Reply
  5. Greg Jones

    I find this concept fascinating…and yet silly in some ways. Stay with me here.

    I love old motors…so I am biased…but the new motors don’t seem as though they will likely last. I have a “Big Twin” 1957 Johnson 35up that runs great. We put between 500 and 600 miles behind her this year…with the original spark plugs still.

    So when I hear “owners want the reliability of a new motor” I bristle a bit. What I think really should be said is “my mechanic/boatwright convinced me everything old is crap…except the boat they are charging me a small fortune to restore.”

    On the other hand I realize most vintage boat owners would be challenged to change the plugs…let alone a water pump. So maybe it’s best. Lol.

    I don’t know how many “modern boats” I pulled in with my 1949 Thompson Lake TVT 14 footer with an 1956 Johnson Javelin 30hp. Lol!

    Reply
  6. Chad

    If someone could figure out how to make a modern engine look and sound exactly like a Merc MK55,58,78…

    Reply
  7. Bill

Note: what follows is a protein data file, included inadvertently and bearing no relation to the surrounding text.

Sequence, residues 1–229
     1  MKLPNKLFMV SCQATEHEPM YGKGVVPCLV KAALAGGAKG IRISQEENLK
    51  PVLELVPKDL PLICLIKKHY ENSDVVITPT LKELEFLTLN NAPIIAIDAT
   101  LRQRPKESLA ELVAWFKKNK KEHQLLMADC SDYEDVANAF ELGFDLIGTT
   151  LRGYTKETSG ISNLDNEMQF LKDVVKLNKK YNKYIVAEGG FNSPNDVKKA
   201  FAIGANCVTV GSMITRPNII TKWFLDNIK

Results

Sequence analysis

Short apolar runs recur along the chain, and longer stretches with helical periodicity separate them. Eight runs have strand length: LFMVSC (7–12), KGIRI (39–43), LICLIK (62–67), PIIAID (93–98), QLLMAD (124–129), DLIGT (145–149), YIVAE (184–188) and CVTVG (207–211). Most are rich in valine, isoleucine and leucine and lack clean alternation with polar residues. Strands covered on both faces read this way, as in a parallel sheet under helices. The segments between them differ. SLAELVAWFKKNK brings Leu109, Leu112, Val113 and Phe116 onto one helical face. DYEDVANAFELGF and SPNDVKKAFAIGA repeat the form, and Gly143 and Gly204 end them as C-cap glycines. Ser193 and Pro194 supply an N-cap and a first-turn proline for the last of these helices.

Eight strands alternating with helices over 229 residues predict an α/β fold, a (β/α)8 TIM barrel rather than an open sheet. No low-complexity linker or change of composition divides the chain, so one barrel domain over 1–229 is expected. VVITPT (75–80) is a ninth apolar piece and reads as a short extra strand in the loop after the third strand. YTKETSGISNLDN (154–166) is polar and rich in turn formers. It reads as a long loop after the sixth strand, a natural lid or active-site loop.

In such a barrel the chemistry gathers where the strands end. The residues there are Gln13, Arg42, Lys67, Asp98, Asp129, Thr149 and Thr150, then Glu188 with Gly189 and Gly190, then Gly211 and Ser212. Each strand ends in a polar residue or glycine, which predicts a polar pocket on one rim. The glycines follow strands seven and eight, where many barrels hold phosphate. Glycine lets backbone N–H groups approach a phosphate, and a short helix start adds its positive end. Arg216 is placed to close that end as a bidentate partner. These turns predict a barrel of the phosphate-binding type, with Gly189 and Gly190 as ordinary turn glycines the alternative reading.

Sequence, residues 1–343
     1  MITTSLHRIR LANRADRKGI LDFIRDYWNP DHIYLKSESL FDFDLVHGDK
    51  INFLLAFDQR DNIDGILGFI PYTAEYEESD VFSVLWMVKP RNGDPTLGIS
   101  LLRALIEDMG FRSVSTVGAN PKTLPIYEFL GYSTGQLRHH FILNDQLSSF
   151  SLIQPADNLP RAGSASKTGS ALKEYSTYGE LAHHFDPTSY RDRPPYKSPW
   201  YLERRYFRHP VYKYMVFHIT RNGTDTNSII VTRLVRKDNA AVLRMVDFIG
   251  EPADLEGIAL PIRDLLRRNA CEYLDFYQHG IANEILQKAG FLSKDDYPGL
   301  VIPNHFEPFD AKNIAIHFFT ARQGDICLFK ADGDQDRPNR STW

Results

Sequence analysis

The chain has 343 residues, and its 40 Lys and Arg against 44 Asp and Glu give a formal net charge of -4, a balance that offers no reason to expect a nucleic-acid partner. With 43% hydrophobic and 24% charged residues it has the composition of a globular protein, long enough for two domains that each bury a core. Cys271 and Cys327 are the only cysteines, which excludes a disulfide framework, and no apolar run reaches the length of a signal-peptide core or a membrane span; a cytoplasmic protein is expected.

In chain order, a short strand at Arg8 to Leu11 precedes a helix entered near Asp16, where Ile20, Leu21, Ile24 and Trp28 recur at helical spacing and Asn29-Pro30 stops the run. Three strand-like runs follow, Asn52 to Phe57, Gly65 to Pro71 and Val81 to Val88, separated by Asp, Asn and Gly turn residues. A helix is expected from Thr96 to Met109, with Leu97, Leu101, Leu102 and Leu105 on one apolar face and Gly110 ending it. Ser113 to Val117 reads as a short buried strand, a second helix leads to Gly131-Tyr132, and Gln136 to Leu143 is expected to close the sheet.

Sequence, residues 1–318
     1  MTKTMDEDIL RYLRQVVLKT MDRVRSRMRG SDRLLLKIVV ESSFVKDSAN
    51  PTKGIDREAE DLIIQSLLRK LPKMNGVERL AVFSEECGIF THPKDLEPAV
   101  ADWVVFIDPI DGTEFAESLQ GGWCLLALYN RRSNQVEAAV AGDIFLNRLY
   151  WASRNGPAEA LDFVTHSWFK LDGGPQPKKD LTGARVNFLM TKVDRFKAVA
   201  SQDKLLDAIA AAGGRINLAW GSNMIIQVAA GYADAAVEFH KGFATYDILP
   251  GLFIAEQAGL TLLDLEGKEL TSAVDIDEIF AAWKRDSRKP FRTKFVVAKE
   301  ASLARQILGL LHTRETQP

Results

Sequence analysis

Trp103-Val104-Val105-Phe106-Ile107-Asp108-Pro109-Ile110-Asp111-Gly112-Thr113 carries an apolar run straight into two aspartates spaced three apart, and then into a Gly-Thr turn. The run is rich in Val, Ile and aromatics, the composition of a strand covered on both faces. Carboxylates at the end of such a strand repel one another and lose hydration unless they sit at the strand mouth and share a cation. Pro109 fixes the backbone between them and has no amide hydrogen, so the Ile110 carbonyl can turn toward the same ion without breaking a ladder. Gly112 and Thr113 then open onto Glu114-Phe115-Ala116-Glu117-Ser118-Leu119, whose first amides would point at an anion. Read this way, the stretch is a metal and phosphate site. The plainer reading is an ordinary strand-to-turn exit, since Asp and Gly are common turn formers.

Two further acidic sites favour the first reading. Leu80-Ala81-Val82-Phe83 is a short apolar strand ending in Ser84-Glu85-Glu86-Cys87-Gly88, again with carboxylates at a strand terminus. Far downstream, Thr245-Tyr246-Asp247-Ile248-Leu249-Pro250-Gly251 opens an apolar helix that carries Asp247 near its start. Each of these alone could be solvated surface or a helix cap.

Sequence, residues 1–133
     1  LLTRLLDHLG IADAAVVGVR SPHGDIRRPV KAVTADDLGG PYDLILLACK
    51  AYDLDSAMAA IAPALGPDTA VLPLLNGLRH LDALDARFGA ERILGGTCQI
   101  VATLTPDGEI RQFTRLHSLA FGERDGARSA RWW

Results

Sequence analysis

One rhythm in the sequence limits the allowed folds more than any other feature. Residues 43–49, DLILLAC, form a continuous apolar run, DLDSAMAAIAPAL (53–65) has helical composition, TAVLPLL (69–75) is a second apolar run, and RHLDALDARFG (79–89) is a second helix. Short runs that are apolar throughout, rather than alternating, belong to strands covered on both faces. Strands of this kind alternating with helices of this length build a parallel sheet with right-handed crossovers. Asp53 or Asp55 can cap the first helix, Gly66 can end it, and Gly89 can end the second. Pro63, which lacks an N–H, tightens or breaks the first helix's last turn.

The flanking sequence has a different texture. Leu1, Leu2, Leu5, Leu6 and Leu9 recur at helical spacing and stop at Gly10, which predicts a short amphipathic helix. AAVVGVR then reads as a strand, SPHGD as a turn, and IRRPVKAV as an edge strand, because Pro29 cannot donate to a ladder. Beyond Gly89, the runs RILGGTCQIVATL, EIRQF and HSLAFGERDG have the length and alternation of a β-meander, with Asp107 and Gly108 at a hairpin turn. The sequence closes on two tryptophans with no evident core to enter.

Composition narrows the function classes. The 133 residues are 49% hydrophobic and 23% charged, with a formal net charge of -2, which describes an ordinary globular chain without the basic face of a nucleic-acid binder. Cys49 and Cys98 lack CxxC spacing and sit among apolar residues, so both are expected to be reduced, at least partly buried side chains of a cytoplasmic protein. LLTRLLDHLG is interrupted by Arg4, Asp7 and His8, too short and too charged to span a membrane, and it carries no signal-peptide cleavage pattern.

Well, Chad, that would be impossible. Here is the real thing. We would not want anything but the real deal anyway.

    Reply
  8. Red Dog

    Bill. Nothing quite like the tower of power. And Gregs old johnrude 30 HP. Looks real nice too. I use a ’79 25 HP. on my boat and it moves it along just fine. That is a great idea with the double cowls. Many of the vintage decals sets are still available. Or can be made at a vinyl graphics shop.

    Reply
  9. John Rothert

    In my long lost youth I always had busted knuckles from knuckle busters….no more…..you cats can opt for Period Power…give me Power Period!
    especially for Going Boating!
    John in Va.

    Reply
  10. Dave Nau

    One more thing. Classic outboards gave a style all their own, with frequent, and often yesrly styling changes. They can complement the look of the classic bost. Modern outboards just look dull to me in comparison, with the same look running for a decade or longer.

    It’s also fun to try to march a good looking outboard to a good looking boat, so the overall look is just right.

    Reply
  11. Cameron

    Matt, thanks for that article, much anticipated. The base motor was a Yamaha 50hp, didn’t I read somewhere that they had done the same thing with a 25hp Suzuki motor? The other issue is that many vintage boats take a short shaft engine that is not so common on the modern 4 stroke.

    Reply
  12. Scott turner

    Hey everyone. Thanks for all the comments, good or bad. This obviously is not for everyone, but is just right for some.
    We have done motors from 20hp zukis to 150 Yamaha. Our goal was just to add another option for the boating world, and have fun in the process!
    Happy boating everyone!

    Reply